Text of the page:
(Leasing News provides this ad as a trade for investigations
Palm Springs: Moguls, Mobsters and Movie Stars
Los Gatos' Bow Wowzer, Purrsnickety Closing, Owners Retiring
Feds put new rules on wineries' use of social media
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Free Mobile Wine Program
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This Day in History
1638- Dorchester, MA voted to establish a property tax to support public schools: “It is ordered the 20th of May,1639, that there shall be a rent of twenty pounds a year for ever imposed upon Tomsons Island to be paid by every person that hath property in the said island according to the proportion that any such person shall from time to time enjoy and possess there.”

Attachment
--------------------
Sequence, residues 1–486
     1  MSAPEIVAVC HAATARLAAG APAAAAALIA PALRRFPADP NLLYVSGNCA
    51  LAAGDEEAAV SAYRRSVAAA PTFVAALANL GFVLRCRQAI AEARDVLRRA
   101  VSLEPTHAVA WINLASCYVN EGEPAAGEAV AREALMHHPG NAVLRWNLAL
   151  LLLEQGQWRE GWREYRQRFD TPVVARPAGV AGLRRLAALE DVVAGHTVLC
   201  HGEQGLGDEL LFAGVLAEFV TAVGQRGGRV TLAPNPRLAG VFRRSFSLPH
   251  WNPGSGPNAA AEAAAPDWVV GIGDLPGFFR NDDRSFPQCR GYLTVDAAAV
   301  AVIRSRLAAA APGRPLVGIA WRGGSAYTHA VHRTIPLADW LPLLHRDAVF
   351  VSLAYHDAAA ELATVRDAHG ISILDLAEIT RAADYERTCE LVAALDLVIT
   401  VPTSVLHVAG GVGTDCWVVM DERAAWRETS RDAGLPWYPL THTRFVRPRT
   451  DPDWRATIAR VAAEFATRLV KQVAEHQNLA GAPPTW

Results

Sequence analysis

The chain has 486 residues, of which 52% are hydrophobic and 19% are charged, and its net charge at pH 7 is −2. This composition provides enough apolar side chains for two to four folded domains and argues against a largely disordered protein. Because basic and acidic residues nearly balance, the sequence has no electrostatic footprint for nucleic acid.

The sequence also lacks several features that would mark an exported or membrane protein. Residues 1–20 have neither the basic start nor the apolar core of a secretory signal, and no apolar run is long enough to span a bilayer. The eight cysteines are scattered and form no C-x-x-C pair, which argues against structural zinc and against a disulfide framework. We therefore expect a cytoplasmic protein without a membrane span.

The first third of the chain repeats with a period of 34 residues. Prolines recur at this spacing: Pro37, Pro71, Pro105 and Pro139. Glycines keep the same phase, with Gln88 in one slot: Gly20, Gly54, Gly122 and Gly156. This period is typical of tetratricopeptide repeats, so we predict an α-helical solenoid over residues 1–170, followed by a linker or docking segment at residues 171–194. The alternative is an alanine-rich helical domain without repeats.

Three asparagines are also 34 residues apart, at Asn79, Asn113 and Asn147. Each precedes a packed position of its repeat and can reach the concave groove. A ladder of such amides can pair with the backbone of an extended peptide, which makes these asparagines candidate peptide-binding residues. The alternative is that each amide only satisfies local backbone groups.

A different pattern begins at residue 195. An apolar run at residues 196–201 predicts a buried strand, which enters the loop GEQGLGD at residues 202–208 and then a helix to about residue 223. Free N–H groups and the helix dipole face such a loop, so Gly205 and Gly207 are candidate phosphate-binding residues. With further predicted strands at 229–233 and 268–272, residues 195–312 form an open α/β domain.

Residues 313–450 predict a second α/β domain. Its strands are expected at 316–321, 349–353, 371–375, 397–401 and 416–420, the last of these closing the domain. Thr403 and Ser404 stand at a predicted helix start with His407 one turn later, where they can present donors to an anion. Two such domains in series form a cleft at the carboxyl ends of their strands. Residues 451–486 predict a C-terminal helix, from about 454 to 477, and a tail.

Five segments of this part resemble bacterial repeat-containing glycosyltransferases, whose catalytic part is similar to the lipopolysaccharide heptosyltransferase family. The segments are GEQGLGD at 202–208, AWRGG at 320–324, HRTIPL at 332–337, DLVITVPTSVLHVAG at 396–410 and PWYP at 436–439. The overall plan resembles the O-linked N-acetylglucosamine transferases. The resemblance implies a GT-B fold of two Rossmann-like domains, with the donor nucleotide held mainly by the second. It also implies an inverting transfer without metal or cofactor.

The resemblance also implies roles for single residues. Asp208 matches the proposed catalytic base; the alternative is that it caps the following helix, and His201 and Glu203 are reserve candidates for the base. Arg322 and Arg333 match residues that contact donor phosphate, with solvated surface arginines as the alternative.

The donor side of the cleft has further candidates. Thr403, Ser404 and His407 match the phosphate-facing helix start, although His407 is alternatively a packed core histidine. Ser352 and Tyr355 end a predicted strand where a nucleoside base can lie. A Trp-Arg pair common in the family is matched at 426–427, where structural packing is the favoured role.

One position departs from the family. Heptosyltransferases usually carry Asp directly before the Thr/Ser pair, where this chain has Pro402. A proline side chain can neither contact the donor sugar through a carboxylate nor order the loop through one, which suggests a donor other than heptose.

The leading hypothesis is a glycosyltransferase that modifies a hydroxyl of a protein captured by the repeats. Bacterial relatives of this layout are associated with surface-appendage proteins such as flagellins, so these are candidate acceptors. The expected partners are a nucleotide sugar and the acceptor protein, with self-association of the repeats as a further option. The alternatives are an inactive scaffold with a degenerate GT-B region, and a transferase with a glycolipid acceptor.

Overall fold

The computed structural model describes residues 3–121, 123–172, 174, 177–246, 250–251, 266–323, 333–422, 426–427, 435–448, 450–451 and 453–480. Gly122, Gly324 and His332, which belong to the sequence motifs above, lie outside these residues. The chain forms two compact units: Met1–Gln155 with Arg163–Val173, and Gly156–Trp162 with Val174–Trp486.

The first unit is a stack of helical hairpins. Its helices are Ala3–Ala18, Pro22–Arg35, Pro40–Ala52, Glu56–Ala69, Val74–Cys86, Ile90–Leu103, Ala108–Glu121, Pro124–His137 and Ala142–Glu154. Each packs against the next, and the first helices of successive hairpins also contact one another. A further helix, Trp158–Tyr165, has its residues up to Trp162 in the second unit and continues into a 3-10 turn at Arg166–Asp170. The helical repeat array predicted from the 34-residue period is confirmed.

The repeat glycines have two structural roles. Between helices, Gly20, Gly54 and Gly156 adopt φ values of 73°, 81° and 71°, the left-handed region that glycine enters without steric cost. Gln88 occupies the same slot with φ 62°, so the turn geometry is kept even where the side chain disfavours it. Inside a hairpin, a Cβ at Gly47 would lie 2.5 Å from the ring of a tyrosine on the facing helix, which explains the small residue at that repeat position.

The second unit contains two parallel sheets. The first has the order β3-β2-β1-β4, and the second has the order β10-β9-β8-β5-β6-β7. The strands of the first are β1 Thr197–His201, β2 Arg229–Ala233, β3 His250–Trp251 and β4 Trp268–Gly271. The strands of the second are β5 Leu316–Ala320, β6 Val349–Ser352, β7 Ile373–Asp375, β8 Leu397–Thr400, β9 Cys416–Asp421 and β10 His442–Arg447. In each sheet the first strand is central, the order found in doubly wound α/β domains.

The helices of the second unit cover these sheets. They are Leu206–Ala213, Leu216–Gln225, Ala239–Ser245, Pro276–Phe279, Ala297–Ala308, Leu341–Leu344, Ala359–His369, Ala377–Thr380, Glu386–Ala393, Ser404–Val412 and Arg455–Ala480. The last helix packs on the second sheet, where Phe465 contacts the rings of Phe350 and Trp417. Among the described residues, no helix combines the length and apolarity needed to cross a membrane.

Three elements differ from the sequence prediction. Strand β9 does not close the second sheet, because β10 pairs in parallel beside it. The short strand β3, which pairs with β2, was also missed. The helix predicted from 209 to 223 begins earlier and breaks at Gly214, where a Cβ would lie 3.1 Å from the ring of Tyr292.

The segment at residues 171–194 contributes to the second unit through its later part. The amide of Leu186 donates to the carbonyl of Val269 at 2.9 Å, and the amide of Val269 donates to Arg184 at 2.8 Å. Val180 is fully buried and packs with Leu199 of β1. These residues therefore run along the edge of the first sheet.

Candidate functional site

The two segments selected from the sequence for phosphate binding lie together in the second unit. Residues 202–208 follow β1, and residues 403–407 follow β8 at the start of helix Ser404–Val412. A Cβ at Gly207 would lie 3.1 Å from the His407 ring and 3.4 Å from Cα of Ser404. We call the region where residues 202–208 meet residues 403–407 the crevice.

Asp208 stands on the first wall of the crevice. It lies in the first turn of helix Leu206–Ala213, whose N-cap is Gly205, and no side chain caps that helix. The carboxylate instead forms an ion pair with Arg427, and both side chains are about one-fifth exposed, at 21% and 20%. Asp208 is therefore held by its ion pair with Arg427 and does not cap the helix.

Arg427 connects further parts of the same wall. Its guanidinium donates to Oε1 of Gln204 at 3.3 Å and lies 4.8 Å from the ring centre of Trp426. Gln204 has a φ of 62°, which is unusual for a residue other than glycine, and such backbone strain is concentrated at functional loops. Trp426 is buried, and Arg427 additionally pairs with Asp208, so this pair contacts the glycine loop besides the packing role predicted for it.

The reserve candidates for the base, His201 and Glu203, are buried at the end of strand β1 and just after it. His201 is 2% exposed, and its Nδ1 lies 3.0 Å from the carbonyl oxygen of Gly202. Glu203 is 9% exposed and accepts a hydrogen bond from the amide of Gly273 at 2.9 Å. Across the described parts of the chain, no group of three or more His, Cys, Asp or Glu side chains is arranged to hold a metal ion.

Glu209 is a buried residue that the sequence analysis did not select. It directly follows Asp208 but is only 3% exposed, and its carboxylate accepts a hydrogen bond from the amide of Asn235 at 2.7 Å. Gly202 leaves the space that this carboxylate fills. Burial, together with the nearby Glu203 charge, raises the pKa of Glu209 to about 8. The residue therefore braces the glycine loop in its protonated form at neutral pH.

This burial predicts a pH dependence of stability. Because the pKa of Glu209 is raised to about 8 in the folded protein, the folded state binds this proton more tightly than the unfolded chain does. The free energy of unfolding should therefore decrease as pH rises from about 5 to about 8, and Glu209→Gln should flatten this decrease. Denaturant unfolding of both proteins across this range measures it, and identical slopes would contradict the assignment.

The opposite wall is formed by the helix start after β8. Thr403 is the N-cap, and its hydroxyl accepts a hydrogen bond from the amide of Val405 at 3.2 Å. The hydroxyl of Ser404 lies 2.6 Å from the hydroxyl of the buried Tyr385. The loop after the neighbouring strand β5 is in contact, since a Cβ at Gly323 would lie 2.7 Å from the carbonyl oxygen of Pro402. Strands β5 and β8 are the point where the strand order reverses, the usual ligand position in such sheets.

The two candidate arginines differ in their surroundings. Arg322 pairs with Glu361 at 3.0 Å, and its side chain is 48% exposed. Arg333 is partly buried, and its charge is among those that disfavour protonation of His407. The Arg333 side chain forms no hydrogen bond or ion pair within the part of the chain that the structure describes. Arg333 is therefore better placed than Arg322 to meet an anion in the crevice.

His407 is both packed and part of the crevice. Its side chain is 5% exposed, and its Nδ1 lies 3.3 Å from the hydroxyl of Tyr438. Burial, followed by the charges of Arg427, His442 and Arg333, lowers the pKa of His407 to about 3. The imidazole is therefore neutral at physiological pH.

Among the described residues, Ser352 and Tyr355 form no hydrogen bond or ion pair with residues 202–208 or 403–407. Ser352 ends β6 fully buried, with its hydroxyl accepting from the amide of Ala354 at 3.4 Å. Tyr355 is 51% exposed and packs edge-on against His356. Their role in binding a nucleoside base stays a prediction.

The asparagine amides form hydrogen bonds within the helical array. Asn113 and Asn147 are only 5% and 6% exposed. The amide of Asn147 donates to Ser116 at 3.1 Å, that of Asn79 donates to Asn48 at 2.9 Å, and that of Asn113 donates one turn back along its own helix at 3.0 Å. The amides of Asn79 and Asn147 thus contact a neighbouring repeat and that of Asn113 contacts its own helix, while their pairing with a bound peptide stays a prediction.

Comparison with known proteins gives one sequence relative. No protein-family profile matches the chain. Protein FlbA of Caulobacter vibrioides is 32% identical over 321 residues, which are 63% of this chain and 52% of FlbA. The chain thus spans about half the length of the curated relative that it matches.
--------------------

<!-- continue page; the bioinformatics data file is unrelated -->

1777-the first treaty between states after the Declaration of Independence was concluded between George and South Carolina at Dwitt's Corner, SC. Under its provisions, the Cherokees were forced to retire behind a line running southwest through Georgia form the straight part of Pickens County on the North to a point just below the mouth of the Tallulah at the western tip of the state. Since landing on the continent, the natives were moved further and further from their original “homeland.” From an estimated population, some say well into the millions .http://www.theatlantic.com/issues/2002/03/mann.htm , the population shrank to several hundred thousand, due primarily to disease brought from the old world to humans and animals.. 1825-Birthday of Antoinette Brown, the first woman minister in U.S. History. A graduate in theology from Oberlin College in 1850, she was refused ordination by a number of churches, but finally accepted by the Congregational Church in South Butler, New York (1852-54.) She married into the renowned Blackwell family (Elizabeth was the first woman physician in U.S. history and her sister Emily, also a physician, was one of the organizers of the first woman's hospital.)Antoinette had six children and abandoned her battles for women's rights. Later she resumed her women's rights activities to become one of the most sought after speakers in the nation. She also published a number of well received books, her last book “The Social Side of Mind and Action” (1915) was written when she was 90. She lived to 96, long enough to see women get the vote.